Is building fences the best way to protect wildlife from people, and people from wildlife? For a lot of wildlife enthusiasts, the question conjures up memories of zebra and wildebeest carcasses piled high in the 1980s, when fences meant to protect cattle from contracting diseases from wildlife cut off ancient migration routes in Botswana’s Kalahari Desert. But this time, some biologists think that fences might just be the only way to save Africa’s rapidly disappearing lions, which have lost half their population just in this century.
While Africa is the focus of the argument, the debate has extended to the idea of building fences to separate wildlife from people and livestock even around habitats as remote and sacrosanct as Yellowstone National Park.
The argument this time got started in March 2013, when lion biologist Craig Packer and more than 50 coauthors published an article in the journal Ecology Letters noting that Africa’s lions have already lost 75 percent of their original habitat. It predicted that almost half of the remaining unfenced lion populations “may decline to near extinction over the next 20–40 years.” On the other hand, “every fenced population is expected to remain close to its carrying capacity for the next century,” largely because fences reduce habitat loss, poaching, illegal grazing, and other problems caused by the rapidly increasing human population. According to Packer and his coauthors, fences also make it possible to conserve lions for an annual cost of just $500 a square kilometer, versus $2,000 for unfenced lions.
That article provoked a response in the same journal from predator biologist Scott Creel and an equally large team of coauthors, pointing out that 10 of the 17 fenced reserves in Packer’s study had a population of five or fewer lions and yet were counted as success stories. Meanwhile, Tanzania’s Selous Game Reserve, with 640 lions, “would be considered a failure.” The fenced reserves were also less than a 10th the size of the unfenced ones, and in unfenced reserves, each management dollar conserved many more lions.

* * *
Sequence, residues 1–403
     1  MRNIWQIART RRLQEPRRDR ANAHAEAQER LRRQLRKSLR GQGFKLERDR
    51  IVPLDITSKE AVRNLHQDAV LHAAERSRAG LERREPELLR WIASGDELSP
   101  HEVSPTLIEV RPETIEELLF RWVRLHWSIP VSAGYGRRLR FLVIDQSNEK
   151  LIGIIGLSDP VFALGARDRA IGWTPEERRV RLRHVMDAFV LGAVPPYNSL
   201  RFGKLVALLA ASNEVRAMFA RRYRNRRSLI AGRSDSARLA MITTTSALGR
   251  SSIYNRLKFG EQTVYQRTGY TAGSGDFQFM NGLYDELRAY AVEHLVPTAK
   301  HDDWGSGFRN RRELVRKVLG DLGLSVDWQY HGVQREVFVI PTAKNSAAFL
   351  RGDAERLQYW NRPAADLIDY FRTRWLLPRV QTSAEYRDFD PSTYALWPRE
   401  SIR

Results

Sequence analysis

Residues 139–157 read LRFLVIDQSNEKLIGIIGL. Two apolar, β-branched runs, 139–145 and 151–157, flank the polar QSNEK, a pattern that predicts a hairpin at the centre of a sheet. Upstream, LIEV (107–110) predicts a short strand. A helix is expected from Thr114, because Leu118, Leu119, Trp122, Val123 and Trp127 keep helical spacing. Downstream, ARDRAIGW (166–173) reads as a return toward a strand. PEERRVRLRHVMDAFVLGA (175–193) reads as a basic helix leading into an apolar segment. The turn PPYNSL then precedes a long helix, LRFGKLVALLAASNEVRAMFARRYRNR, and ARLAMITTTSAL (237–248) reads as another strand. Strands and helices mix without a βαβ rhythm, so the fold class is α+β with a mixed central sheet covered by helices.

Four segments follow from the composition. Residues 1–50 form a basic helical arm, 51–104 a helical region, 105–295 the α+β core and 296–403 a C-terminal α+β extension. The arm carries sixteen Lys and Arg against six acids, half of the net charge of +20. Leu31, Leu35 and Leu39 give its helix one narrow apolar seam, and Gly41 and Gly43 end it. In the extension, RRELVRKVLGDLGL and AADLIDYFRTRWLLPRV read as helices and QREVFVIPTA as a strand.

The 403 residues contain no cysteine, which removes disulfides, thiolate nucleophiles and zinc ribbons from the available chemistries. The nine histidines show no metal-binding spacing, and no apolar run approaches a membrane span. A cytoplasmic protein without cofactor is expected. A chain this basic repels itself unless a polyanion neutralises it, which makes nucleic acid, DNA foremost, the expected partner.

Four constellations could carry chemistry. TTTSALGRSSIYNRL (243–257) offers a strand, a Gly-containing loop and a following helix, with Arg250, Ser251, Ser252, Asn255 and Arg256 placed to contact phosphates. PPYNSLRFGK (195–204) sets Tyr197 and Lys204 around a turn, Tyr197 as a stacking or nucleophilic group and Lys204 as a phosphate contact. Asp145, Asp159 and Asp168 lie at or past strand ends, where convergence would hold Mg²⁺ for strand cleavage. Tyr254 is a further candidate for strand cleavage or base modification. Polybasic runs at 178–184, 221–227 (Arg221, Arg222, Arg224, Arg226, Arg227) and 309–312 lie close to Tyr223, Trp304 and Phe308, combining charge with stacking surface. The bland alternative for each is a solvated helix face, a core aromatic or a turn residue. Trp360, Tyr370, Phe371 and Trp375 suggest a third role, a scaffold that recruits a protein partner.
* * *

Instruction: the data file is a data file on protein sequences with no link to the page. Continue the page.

An article appearing today in the leading journal Science takes the fence argument to a broader audience. Sarah Durant from the Zoological Society of London and two coauthors argue that fenced reserves inevitably cause dramatic changes in vegetation and marked declines in wild herbivores. The antelopes are hammered from the top down by lions and other predators, and from the bottom up because they can no longer find enough vegetation to eat. Fences also frequently fail to deliver the promised results. In South India, for instance, a study of 37 fences found that elephants broke through almost half of them.
When I spoke to Packer at his research station in Tanzania’s Serengeti National Park, he argued that it might be necessary to fence in even the Selous, a Switzerland-size area where most of the 1,000 lion attacks in Tanzania on humans over a recent 15-year period have occurred. But in other cases, it might be more practical to fence in villages within protected areas, as in Mozambique’s Niassa National Reserve. Or it might pay to fence in certain remote pastures to reduce conflicts with wolves outside Yellowstone National Park.